« 이전계속 »
cent upon the decrees of destiny, And yet Mustapha was not without his moral creed ; and I have seldom known one revert to such requisitions with more sincere reverence, or follow their dictates with resolution so apparently invincible. There is but one difference,' said he, in our reli. gion; the Supreme Being whom you designate as Deo, I call Allah. We take unto ourselves four wives, and we do so to make sure of the blessing for which you pray—not to be led into temptation.' Of all vices, he appeared to regard intemperance with the greatest disgust, and was evidently much pained to see the ladies of our party promenading the court unveiled. Are your wives beautiful ?' I inquired. •In my view,' he replied, they are lovely, and that is sufficient.' I asked him if they resembled any of the ladies who frequented the walk. “It wonld be a sin,' he answered, •for me to gaze at them, and never having done so, I cannot judge.' In answer to my request that he would afford me an opportunity of forming my own opinion, by allowing me a sight of his wives. Signor,' he said, with much solemnity, when a Frank has once looked upon one of our women, she is no louger fit to be the wife of a Turk.' And he appears to have acted strictly upon this principle, for when the custode abruptly entered his room, as they were all seated at breakfast, Mustapha suddenly caught up the coverlid from the bed, and threw it over their heads.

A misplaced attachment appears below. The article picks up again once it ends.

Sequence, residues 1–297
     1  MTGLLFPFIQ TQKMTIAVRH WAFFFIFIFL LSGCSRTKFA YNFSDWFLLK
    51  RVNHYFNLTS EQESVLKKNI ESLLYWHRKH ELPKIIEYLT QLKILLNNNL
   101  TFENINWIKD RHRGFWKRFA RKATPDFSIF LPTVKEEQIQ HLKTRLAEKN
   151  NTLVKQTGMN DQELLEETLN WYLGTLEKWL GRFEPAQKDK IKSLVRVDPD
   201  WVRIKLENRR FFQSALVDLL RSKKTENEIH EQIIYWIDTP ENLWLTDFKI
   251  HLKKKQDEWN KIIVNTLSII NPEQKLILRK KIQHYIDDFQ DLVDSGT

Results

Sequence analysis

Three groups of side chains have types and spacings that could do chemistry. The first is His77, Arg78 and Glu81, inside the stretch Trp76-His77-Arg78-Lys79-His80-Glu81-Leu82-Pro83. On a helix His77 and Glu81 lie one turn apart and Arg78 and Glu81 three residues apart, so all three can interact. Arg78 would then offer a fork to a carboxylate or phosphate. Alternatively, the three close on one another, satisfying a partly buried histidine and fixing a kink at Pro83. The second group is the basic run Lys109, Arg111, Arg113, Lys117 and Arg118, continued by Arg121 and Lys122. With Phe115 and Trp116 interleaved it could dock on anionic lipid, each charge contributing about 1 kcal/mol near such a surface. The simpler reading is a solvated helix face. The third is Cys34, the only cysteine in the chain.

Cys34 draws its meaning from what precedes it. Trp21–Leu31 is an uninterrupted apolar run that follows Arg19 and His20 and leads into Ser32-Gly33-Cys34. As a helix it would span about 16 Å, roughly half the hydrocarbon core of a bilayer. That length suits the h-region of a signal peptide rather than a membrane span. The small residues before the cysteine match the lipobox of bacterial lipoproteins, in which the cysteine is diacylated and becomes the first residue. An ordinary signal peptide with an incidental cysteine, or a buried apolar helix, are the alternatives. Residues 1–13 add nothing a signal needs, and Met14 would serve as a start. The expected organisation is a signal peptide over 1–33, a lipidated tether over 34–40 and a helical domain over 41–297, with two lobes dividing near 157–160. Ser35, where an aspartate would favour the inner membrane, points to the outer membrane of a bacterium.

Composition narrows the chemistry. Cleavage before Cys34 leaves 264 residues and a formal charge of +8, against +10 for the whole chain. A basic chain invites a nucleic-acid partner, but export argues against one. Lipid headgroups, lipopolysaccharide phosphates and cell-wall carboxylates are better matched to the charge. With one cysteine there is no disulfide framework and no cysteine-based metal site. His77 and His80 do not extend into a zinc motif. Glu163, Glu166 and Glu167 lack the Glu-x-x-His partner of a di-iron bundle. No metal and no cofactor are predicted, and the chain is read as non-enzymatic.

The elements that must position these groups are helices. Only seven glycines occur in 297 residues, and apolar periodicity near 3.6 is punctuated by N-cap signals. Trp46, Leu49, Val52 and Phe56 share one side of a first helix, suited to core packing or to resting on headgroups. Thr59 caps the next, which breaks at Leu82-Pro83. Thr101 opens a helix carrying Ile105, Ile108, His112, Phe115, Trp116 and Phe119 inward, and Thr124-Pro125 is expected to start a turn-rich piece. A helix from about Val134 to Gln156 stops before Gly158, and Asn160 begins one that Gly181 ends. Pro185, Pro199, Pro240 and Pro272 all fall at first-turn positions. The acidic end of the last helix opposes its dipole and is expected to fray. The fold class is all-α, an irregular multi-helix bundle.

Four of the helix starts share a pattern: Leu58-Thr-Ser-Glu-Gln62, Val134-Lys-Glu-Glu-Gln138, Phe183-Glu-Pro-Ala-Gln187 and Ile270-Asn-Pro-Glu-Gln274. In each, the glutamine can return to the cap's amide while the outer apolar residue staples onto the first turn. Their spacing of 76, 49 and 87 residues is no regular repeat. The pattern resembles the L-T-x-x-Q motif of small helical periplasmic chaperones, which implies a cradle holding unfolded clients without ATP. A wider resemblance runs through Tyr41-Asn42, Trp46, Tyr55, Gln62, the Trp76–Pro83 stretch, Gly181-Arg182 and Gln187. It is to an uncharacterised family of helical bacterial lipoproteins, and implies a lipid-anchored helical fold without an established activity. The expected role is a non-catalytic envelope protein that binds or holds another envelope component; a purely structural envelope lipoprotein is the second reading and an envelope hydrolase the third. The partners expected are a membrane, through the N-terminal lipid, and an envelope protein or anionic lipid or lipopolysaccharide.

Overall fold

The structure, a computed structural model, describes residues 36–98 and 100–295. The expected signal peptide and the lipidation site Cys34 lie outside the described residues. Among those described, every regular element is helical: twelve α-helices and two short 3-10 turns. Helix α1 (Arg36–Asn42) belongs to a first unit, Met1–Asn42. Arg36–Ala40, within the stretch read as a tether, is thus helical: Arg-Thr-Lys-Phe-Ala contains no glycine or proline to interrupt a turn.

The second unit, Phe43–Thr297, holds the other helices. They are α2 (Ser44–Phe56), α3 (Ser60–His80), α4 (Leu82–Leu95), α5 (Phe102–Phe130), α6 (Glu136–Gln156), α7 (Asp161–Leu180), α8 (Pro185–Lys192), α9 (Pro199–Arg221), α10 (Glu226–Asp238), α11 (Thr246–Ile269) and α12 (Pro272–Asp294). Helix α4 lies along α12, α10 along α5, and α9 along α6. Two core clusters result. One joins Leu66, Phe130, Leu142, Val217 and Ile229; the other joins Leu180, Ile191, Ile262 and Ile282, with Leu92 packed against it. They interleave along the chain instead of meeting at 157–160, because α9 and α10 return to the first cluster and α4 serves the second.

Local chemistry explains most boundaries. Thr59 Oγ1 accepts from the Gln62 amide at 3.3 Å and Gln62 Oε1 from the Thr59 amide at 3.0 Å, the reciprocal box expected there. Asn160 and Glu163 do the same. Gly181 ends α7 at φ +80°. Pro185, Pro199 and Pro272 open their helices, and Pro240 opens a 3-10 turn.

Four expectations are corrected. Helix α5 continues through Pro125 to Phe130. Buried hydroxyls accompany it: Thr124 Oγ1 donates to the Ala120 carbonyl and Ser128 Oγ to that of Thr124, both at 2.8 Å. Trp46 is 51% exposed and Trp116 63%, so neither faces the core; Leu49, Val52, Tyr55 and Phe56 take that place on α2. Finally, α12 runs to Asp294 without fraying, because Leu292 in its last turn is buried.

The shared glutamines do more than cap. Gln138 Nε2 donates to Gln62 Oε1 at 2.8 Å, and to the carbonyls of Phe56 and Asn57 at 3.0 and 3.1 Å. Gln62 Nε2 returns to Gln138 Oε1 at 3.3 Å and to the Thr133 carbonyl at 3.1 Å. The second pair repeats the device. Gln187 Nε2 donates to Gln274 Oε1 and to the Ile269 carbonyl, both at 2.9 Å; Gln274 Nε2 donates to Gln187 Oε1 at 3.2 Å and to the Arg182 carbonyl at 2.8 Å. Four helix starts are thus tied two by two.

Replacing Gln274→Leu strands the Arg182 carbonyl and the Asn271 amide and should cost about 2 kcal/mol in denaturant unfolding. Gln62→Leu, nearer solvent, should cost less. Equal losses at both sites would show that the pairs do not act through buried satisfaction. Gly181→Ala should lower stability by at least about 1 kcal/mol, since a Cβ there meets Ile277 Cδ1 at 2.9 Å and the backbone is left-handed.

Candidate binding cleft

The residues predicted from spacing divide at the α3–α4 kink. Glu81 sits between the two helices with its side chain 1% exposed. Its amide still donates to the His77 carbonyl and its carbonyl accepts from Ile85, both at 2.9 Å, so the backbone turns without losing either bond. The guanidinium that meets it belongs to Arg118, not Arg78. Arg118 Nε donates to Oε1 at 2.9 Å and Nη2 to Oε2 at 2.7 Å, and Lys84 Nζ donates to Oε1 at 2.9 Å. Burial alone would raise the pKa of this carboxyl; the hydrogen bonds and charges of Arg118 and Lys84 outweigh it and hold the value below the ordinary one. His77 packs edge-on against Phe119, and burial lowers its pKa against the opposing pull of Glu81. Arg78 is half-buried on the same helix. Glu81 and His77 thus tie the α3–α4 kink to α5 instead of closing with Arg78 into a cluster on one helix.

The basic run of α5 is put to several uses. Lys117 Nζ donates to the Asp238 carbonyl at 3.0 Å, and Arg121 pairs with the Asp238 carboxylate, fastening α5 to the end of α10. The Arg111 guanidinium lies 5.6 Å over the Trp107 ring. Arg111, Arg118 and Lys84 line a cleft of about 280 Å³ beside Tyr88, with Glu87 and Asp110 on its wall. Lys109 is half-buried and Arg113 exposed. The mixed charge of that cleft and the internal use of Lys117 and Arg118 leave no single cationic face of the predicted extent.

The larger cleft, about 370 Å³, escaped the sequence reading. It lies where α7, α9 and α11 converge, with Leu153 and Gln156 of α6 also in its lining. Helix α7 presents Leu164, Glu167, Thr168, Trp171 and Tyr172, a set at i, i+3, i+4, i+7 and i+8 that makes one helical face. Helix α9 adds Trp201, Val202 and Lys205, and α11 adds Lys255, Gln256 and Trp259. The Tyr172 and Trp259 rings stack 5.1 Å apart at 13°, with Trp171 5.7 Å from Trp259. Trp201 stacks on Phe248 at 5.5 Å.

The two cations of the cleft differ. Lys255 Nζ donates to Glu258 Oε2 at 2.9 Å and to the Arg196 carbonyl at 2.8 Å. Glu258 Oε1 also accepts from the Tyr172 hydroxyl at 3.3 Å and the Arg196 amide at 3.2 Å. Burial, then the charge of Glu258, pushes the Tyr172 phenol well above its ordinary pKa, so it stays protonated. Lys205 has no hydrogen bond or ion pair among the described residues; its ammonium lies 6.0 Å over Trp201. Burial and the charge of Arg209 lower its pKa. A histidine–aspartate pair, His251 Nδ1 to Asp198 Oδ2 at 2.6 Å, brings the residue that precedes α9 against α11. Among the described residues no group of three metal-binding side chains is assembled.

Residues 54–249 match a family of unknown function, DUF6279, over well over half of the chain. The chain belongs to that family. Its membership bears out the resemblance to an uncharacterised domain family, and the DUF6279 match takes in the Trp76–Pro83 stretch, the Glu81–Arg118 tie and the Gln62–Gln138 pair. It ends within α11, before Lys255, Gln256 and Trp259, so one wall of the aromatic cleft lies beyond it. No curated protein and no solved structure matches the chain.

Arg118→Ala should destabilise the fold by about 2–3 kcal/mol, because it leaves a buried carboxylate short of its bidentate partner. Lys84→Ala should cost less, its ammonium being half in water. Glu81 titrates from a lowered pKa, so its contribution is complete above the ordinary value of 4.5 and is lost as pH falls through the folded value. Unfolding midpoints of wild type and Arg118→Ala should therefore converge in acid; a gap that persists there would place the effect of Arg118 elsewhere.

There is a law in physics, called the attraction of cohe. sion, by which the separate particles composing a body are kept together, till a more powerful agency draws them into greater masses. Upon somewhat such a principle, I